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An oenophile is someone who loves and appreciates wine. Oinos is Greek for 'wine' and -phile means 'loving.' There are also a small number of wine lovers who refer to themselves as vinophiles, using the Latin term vino, which also means 'wine.' The term oenophile is most often used to describe a person who not only loves wine, but is also interested in knowing about the various nuances of the beverage. These can include which grapes were used and details about the vineyard where it was produced. Some view an oenophile as an expert connoisseur and a professional, whereas others have argued that one can be an amateur and enjoy wine as a hobby.
What separates an oenophile from the average wine drinker is a passion for wine itself. To such a person, drinking wine is an experience that is taken to a different level, since this kind of connoisseur notes the subtleties of the vintage and the actual wine-making process. Oenophiles can be either professional or a casual connoisseurs who enjoy studying wine as a hobby. Some work hard to gain the knowledge they need to manufacture wine, and to educate others. If a wine lover wishes to turn their appreciation of the beverage into a profession, there are schools that offer classes in various wine-related areas, like production and marketing.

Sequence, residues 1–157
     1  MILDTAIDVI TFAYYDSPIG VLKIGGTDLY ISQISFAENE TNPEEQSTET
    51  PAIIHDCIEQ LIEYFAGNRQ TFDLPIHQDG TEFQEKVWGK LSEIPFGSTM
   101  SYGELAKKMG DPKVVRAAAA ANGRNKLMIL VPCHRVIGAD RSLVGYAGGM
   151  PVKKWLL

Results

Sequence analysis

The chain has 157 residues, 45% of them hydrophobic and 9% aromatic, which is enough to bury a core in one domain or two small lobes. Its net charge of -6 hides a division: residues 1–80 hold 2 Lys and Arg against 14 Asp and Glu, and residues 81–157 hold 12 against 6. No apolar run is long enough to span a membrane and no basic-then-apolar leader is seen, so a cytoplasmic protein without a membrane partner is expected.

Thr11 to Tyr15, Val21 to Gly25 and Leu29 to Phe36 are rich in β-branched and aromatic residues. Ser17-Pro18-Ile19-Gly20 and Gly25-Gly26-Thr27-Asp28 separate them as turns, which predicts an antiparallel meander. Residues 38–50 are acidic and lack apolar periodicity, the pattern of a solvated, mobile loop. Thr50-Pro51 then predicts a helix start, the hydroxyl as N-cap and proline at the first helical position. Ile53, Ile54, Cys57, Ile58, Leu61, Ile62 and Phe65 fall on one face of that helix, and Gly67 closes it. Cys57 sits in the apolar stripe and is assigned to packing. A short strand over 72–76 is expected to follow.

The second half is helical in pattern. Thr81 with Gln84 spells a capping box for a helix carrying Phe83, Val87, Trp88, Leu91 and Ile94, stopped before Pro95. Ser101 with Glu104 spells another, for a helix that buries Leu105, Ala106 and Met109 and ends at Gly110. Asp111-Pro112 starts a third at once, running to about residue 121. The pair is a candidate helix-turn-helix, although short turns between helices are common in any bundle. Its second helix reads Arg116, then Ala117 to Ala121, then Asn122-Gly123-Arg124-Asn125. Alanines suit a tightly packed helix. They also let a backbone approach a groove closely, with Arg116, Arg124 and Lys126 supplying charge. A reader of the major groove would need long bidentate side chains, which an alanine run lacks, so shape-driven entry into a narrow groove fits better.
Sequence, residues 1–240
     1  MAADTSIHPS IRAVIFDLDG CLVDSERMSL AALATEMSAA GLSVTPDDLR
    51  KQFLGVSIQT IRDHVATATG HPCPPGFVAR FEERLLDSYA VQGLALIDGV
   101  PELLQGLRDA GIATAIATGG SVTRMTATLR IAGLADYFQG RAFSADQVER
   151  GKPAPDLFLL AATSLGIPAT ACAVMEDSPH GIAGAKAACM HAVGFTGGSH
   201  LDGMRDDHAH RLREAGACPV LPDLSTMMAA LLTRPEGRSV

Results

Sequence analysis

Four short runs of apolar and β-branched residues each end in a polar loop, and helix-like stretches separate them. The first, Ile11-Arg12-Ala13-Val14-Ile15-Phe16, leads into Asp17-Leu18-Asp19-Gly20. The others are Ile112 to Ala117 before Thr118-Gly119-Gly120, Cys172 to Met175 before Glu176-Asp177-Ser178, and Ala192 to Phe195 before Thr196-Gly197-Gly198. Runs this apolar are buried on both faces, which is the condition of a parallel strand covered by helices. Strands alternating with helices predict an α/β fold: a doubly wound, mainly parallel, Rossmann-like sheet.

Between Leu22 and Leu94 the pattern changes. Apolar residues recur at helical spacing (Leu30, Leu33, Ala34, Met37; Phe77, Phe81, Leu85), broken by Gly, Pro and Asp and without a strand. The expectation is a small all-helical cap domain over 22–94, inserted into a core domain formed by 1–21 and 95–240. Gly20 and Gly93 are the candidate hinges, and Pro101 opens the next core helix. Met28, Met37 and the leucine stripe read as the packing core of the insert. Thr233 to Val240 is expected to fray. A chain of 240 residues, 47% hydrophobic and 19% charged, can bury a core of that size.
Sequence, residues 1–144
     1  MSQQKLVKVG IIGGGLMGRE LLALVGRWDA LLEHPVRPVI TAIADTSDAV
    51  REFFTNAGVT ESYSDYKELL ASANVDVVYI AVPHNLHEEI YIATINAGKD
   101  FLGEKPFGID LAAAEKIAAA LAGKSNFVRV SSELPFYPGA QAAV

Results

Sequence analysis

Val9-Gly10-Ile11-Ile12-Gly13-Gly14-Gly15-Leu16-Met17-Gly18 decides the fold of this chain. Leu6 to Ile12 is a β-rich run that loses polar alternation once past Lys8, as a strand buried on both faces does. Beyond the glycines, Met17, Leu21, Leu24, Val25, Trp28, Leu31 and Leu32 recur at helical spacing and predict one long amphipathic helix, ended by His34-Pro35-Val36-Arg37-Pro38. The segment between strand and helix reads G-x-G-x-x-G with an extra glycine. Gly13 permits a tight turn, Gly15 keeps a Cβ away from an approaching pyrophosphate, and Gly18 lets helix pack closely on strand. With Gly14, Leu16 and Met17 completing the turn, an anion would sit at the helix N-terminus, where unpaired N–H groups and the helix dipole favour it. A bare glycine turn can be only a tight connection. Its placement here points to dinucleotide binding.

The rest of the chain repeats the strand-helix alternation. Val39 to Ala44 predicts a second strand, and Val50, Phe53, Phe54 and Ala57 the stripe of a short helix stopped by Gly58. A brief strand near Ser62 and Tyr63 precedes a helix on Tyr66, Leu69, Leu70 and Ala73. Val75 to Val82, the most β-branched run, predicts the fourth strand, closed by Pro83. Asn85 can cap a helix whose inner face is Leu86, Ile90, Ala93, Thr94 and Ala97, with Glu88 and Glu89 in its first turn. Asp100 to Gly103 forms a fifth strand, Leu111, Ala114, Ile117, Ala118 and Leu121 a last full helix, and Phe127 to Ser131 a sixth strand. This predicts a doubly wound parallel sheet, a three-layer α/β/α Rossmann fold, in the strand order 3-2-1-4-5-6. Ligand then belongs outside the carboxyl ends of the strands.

Many seek out some information of oenology. This is the study of all aspects of wine. An oenologist is someone who has studied how wine is made, and wine-makers who own and run vineyards are often called oenologists. There are universities that offer undergraduate and graduate degrees in this field.
Another profession that may interest someone with a deep appreciation of wine is the sommelier. Someone who is very knowledgeable about wine, this individual usually works for a restaurant or wine store. He is in charge of selecting, purchasing, and being informed about the vintages an establishment carries. Whereas an oenologist is educated in all aspects of wine, a sommelier’s expertise lies more in which wine should be paired with a particular food or dish. It is also imperative for a sommelier to have some knowledge of other spirits and beer.
Oenophiles can also join wine clubs. These groups often visit local wineries or plan trips abroad to vineyards in other countries. A club may attend a wine tasting and sample various vintages that are produced at that location. It is also possible to join an online wine club and have various wine groupings mailed to the home.
While not everyone can join a club, many believe that part of being an oenophile is sharing the experience of enjoying many kinds of wine. Such people often keep blogs, so they can give detailed reports about the vineyards they have visited, the wines they have tasted, and their overall assessment and rating of the beverages sampled. The Internet has made it much easier for such hobbyists to connect with one another, and to join virtual wine clubs.
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